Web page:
>>> site, and Foobar is telling me that Google wants permission. I trust
>>> Foobar and Google, so I'll click Allow."
>>> To make the masquerade act even more convincing, many of the most
>>> popular OAuth services allow app developers to upload images which
>>> could be official logos of the organizations they are posing as. Often
>>> app developers can supply arbitrary, unconfirmed URIs which are shown
>>> to the resource owner as the app's website, even if the domain does
>>> not match the redirect URI. Some OAuth services blindly entrust client
>>> apps to customize the authorization page in other ways.
>>> This is hard to defend against. Authorization server administrators
>>> could police client names, but that approach gives them a burden
>>> similar to certificate authorities to verify organizations before
>>> issuing certificates. Very expensive.
>>> A much simpler solution is for authorization servers to be careful
>>> with their wording and educate resource owners about the need for
>>> discretion when granting authority. Foobar's message above could be
>>> changed: "An application calling itself Google, Inc. is requesting
>>> permission to do the following" later adding, "Only allow this request
>>> if you are sure of the application's source." Such wording is less
>>> likely to give the impression that the resource server is vouching for
>>> the application's identity.
>>> Authorization servers would also do well to show the resource owner
>>> additional information about the client application to help them make
>>> informed decisions. For example, it could display all or part of the
>>> app's redirect URI, saying, "The application is operating on
>>>" or "If you decide to allow this application, your browser
>>> will be directed to" Further, if the client
>>> app's redirect URI uses TLS (something authorization servers might
>>> choose to mandate), then auth servers can verify the certificate and
>>> show the certified organization name to resource owners.
>>> This attack is possible with OAuth 1, but OAuth 2 makes successful
>>> exploitation easier. OAuth 1 required the client to obtain temporary
>>> credentials (aka access tokens) before sending resource owners to the
>>> authorization endpoint. Now with OAuth 2, this attack does not require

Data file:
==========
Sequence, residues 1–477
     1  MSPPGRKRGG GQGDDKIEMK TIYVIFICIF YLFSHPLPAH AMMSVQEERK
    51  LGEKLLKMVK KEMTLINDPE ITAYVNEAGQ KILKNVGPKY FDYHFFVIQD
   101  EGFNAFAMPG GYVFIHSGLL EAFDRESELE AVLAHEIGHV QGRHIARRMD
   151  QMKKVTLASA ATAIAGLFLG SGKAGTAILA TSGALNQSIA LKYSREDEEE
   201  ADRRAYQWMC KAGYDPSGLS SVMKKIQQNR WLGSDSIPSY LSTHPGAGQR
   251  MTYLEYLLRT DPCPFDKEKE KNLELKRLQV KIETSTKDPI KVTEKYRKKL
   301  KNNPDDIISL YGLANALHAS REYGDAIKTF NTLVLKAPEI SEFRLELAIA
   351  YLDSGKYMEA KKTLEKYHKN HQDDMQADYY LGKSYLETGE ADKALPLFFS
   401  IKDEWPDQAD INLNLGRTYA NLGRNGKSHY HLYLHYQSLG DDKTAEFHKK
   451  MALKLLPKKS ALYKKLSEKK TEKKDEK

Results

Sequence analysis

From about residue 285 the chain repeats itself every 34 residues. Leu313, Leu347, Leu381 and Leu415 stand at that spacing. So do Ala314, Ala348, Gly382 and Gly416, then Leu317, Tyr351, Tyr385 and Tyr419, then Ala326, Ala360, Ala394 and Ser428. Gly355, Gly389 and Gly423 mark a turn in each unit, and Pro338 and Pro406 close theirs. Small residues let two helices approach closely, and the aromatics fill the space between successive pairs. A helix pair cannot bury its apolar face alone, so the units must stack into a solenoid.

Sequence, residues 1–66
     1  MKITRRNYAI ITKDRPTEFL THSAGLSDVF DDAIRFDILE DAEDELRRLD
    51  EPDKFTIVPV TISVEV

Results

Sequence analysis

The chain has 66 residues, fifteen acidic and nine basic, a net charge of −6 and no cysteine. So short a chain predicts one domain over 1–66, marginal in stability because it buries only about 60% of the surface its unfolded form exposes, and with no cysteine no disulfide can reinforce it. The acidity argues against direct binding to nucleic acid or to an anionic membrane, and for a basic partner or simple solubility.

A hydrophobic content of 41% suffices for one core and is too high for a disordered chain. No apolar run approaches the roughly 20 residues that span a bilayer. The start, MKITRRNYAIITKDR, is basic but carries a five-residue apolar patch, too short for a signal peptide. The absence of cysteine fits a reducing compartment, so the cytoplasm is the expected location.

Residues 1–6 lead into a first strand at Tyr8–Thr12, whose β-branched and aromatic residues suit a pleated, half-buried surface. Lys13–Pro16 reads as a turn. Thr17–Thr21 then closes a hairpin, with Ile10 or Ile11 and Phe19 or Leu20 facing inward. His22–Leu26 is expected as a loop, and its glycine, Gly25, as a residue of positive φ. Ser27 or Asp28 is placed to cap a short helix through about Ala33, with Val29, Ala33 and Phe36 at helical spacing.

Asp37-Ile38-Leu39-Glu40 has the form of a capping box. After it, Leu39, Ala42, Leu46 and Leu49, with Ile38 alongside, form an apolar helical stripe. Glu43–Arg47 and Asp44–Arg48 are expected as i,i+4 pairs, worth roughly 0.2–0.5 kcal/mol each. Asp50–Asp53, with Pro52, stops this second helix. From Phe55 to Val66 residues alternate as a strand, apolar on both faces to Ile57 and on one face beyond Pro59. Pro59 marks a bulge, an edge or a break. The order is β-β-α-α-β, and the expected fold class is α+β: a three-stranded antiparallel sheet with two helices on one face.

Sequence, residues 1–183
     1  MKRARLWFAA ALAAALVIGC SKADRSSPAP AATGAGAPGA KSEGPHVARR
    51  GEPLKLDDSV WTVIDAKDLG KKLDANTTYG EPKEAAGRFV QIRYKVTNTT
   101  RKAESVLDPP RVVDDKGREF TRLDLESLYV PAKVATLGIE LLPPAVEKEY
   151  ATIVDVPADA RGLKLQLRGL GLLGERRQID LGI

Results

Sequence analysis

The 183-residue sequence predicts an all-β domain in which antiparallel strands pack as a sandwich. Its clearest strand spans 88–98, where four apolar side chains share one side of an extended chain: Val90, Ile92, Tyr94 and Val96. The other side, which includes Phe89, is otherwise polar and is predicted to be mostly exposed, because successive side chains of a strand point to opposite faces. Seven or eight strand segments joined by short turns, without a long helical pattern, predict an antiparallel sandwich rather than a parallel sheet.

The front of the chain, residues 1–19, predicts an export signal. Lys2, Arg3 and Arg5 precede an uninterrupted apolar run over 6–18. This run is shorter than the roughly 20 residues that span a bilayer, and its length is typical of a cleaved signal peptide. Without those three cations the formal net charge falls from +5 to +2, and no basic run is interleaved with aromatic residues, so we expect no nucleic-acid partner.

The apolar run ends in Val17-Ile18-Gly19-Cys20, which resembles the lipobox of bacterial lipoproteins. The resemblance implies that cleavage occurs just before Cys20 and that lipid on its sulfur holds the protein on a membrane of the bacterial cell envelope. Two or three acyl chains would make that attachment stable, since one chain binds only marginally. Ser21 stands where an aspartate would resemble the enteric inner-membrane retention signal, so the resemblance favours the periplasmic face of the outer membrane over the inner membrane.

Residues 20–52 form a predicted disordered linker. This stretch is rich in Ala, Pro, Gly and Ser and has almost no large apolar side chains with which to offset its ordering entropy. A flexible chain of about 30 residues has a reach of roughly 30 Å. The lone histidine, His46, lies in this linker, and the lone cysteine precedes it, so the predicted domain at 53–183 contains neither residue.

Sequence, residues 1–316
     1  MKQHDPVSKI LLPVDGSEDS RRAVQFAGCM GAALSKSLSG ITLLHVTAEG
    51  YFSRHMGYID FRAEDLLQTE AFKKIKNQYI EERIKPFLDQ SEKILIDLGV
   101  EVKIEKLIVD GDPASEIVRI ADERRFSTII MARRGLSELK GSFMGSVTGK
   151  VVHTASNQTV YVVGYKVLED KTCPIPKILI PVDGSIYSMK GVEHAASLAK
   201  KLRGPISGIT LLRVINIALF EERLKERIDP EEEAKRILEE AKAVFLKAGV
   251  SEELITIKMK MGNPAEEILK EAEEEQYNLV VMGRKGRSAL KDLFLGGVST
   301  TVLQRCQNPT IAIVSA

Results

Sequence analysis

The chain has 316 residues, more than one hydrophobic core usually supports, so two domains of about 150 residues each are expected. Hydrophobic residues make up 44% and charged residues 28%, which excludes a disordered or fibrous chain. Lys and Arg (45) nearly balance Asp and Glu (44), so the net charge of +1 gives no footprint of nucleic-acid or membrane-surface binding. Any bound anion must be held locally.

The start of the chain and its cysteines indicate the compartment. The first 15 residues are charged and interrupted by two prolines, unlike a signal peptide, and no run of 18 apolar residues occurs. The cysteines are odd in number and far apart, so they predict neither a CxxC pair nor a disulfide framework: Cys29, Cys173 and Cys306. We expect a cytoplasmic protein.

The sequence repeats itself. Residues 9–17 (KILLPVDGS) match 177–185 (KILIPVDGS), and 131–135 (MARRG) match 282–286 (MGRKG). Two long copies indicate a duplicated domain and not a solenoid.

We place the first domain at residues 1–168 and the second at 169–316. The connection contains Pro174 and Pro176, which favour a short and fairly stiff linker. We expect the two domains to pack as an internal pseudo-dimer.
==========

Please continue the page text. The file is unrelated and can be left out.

>>> resource owners to interact with the client application before
>>> visiting the authorization server. The malicious client developer only
>>> needs to distribute links around the web to the authorization server's
>>> authorization endpoint. If the HTTP service is a social platform, the
>>> client app might distribute links using resource owners' accounts with
>>> the access tokens it has acquired, becoming a sort of worm. Continuing
>>> the Google/Foobar example above, it might use anchor text such as "I
>>> used Google Plus to synchronize with my Foobar account." Moreover, if
>>> the app's redirect URI bounces the resource owner back to the HTTP
>>> service after acquiring an authorization code, the victim will never
>>> see a page rendered at the insidious app's domain.
>>> This is especially dangerous because the public is not trained to
>>> defend against it. Savvy users are (arguably) getting better at
>>> protecting themselves from traditional phishing by verifying the
>>> domain in the address bar, and perhaps checking TLS certificates, but
>>> such defenses are irrelevent here. Resource owners now need to verify
>>> not only that they are on the legitimate authorization server, but to
>>> consider the trustworthyness of the link that referred them there.
>>> I'm not sure what can or should be done, but I think it's important
>>> for authorization server implementers to be aware of this attack. If
>>> administrators are not able to authenticate client organizations, then
>>> they are shifting this burden to resource owners. They should do all
>>> they can to educate resource owners and help them make informed
>>> decisions before granting authorization.
>>> Regards,
>>> Andre DeMarre